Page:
A mother on British website Mumsnet is coming under fire for revealing that she’s doing just that. The woman, calling herself ‘Deffonamechange’, says she and her husband both work and don’t get many holidays – just one week off together in summer.
“The rest of the time the kids are on their own, all day, every day, for six weeks,” she explains. “They won’t go to any activity clubs. I can’t ask their friends round with no adult in the house. I know that they sit on the computer with headphones in ALL day!
“I feel sorry for them. Anyone else in the same boat as us?”
Many of the people who replied felt the kids shouldn’t be left on their own all day, labelling the mum “really irresponsible” and “rather neglectful”.
“The 10-year-old needs to go to a holiday club,” said one. “Your parenting is really inappropriate.”
Some were particularly bothered about the amount of time the kids were spending in front of a screen.
“To be honest, I'd also be a bit concerned about what kind of stuff they may encounter playing on the internet all day,” one wrote.
But there were also people who supported the original mum’s decision.
“I was a single parent and did much the same,” explained one mum. “In those days it was endless TV and videos. My daughter has grown into a well-educated, balanced young woman. Love doesn't necessarily mean being there for every minute. Keep on truckin'!”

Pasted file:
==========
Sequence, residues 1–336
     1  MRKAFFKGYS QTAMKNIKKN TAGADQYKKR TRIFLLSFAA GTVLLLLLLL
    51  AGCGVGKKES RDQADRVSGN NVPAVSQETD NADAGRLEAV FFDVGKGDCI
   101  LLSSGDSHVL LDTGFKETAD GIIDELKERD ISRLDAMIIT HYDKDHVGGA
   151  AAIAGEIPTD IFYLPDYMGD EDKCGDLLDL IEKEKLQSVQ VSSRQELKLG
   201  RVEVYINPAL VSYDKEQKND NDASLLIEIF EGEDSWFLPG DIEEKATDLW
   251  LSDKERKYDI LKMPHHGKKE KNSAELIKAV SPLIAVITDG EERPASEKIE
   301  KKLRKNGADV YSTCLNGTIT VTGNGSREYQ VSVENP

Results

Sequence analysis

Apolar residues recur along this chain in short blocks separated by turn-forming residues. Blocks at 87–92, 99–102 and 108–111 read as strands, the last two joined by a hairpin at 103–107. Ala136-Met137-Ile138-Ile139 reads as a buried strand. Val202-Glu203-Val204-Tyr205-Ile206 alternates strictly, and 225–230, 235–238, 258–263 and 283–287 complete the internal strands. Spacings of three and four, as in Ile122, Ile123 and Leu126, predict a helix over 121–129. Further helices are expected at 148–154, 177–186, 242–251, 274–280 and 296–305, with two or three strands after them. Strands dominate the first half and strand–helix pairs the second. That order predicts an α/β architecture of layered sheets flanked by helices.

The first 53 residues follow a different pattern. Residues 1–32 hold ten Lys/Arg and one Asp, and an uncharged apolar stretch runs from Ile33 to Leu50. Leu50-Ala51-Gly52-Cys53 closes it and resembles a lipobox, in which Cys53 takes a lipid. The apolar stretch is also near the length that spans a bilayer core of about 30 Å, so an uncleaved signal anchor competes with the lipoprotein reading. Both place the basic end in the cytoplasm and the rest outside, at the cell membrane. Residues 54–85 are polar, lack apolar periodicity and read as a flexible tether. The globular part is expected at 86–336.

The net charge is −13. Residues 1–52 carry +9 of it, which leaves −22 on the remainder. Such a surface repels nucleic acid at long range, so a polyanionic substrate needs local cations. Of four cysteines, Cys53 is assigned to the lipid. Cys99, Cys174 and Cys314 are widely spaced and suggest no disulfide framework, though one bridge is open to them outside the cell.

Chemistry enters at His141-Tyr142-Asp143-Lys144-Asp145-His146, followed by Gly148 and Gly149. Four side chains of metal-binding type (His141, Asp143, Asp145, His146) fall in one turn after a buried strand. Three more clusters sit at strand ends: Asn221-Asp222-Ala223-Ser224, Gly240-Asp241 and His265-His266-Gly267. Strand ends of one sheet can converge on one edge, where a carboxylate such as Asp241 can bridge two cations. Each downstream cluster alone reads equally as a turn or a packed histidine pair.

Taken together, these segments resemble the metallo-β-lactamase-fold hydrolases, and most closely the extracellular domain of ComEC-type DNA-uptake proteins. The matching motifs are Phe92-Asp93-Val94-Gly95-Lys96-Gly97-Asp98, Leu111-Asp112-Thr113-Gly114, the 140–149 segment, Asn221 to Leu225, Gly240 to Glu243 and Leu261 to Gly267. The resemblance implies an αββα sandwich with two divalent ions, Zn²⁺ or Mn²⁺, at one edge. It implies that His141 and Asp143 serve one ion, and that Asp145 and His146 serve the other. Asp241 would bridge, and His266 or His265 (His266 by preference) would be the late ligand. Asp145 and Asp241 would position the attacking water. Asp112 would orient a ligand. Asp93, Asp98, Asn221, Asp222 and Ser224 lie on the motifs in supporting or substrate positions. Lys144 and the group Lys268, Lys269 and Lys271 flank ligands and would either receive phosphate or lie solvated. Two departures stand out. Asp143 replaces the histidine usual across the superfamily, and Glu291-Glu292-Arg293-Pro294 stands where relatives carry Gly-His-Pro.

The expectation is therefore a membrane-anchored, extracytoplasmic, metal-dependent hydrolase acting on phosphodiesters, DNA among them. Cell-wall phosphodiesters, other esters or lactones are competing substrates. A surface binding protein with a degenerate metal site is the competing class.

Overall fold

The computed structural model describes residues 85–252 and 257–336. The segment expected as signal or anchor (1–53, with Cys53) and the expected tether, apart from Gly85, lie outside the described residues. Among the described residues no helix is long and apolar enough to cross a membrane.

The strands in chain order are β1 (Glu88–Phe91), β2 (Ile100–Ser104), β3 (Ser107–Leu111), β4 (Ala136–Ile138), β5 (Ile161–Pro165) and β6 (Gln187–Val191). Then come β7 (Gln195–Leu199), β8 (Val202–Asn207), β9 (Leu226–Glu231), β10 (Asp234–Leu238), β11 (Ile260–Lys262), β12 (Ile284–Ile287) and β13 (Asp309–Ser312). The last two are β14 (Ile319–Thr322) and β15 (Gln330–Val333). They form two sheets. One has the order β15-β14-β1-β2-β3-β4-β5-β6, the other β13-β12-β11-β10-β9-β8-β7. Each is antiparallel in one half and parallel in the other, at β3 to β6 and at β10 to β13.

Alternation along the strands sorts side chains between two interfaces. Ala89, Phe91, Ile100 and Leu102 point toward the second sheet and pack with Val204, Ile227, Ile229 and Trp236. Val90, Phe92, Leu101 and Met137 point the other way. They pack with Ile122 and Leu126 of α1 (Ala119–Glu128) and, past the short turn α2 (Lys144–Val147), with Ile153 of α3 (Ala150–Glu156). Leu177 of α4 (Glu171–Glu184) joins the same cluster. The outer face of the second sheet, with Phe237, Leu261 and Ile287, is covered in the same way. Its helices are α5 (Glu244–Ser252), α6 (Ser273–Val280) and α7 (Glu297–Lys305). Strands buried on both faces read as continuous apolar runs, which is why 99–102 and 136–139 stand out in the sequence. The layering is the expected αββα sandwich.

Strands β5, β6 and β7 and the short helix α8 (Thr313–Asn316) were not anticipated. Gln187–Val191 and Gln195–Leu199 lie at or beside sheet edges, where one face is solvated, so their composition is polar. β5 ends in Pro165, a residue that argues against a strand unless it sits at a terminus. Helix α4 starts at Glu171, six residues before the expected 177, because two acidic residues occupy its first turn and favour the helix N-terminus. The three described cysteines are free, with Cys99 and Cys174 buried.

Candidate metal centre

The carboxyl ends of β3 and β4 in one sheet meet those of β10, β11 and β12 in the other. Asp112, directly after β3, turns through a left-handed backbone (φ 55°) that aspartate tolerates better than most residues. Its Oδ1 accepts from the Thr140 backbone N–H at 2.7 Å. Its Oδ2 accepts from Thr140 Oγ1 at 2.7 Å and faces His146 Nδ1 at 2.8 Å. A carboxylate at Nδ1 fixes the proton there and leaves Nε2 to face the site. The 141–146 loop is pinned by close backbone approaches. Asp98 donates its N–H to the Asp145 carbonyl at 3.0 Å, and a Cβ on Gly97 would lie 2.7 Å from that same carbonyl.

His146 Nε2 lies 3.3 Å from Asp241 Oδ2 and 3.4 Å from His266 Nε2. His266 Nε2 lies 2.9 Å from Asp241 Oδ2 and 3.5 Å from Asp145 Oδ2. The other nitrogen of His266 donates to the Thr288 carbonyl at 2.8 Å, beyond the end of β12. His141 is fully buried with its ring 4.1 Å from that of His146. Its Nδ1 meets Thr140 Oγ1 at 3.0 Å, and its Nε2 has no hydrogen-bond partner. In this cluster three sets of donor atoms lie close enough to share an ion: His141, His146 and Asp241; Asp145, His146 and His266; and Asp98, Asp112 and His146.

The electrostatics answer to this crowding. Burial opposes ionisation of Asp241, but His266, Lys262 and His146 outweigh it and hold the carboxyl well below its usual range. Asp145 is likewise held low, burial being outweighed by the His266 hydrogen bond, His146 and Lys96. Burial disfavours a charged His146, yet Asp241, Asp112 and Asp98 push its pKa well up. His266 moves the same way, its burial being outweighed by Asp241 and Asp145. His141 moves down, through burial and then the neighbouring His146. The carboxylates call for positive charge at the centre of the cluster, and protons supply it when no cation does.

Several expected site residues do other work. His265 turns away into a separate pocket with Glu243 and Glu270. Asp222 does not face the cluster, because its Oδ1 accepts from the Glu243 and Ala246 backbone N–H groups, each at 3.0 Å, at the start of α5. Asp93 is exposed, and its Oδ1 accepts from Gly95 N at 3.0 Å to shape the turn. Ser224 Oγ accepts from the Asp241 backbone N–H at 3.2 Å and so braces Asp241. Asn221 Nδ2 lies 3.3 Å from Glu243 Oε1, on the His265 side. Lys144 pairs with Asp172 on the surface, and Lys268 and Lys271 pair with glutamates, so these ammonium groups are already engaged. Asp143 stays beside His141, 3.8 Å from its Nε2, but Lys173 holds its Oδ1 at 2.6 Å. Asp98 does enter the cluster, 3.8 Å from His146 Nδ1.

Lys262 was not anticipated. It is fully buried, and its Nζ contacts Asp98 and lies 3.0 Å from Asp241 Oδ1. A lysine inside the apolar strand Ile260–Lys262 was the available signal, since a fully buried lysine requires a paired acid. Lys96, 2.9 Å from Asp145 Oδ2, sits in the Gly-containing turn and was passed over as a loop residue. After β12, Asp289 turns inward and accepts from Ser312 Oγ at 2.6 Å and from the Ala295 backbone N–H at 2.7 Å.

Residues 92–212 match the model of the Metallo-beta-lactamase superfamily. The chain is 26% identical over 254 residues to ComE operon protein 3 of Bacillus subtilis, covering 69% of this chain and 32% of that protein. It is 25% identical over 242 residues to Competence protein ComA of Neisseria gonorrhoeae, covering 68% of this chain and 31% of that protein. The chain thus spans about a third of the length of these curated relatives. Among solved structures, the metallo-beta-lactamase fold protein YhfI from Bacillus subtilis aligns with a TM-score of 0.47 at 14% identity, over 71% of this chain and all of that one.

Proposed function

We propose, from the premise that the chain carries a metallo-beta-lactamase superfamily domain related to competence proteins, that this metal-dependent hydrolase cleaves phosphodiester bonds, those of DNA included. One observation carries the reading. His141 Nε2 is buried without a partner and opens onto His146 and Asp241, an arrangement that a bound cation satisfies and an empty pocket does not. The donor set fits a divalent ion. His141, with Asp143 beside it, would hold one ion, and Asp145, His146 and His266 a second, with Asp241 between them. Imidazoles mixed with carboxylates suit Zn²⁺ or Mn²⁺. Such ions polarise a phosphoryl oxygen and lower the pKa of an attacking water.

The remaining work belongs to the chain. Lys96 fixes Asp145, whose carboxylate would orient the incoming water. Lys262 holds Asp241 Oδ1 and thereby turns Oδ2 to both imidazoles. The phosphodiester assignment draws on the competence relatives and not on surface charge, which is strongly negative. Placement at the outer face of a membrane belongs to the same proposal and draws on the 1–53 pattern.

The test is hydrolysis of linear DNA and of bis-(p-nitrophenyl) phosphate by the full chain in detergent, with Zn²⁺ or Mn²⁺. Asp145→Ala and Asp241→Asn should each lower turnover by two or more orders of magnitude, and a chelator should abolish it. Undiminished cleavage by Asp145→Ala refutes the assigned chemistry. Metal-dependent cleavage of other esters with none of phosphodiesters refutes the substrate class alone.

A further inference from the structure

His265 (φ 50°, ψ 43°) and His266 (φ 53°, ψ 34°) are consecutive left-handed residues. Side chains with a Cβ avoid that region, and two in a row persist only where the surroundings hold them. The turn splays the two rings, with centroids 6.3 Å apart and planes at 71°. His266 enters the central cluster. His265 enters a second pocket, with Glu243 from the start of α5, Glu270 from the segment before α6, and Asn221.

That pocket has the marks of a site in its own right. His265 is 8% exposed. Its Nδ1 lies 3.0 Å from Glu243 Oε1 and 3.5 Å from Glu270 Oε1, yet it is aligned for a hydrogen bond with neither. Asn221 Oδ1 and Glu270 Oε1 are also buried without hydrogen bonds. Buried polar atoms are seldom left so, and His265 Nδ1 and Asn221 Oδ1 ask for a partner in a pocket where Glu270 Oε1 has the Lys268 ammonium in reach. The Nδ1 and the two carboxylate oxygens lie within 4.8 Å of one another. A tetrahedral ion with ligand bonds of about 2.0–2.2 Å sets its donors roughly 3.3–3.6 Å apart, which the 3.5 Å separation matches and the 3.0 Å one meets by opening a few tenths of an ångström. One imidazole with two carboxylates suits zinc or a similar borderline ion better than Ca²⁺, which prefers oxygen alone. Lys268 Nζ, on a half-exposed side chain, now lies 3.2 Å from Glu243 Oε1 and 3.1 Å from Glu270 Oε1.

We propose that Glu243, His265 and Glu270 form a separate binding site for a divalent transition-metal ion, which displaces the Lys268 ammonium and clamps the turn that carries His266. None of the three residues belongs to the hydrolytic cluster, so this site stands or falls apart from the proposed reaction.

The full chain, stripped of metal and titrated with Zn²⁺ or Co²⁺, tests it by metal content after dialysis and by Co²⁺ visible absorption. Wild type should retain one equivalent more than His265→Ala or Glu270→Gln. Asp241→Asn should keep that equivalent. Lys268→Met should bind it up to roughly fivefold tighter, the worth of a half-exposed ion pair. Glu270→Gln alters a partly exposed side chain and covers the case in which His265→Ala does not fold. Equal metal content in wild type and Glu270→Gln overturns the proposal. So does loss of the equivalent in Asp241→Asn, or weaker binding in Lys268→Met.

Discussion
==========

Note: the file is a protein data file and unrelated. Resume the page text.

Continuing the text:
Another mother felt she shouldn’t stress about all the screentime.
“My younger son has excellent computer skills as a result of having spent most of the holidays on his computer since 10. He's an expert programmer, and given that is the career he wants to go into, I'd say it's done him a lot of good.”
Yet another woman said that she “absolutely loved it” when she and her brother got to do their own thing during the holidays.
“Happiest weeks of my childhood,” she wrote. “All my most creative moments came from being left to keep myself busy and it definitely shaped the person I am today, and in a good way.”
Here in Australia, states don’t have laws about the age at which children can be left alone (except for Queensland, which says that children under 12 shouldn’t be left for an “unreasonable” time without supervision). But generally, parents are expected to provide supervision for their children and can be charged if those children are left in a dangerous situation.
It comes down to parents’ judgement about their individual child. So how can parents make that judgement?
Child and adolescent psychologist Dr Michael Carr-Gregg says age doesn’t define maturity.
“We would want you to be able to make a judgement about their temperament and their personality, and, of course, look at their past behaviour,” he tells Mamamia.
“If you’ve got a kid who, like my last-born, has never made a bad decision, always seems to err on the side of caution, is not a risk taker, is sensible, knows how to ask for help, of course you’d leave that kid at home.”
Dr Carr-Gregg says if this mother in the UK has made a similar judgement about her two kids, then he doesn’t have a problem with it.
“I think that we’ve got to avoid this wussification of children, this assumption that we make from helicopter parenting days that our children can’t survive without us – because, in fact, one day, they’re going to have to.”
Listen: Holly Wainwright and Andrew Daddo ask their kids to review their parenting performance.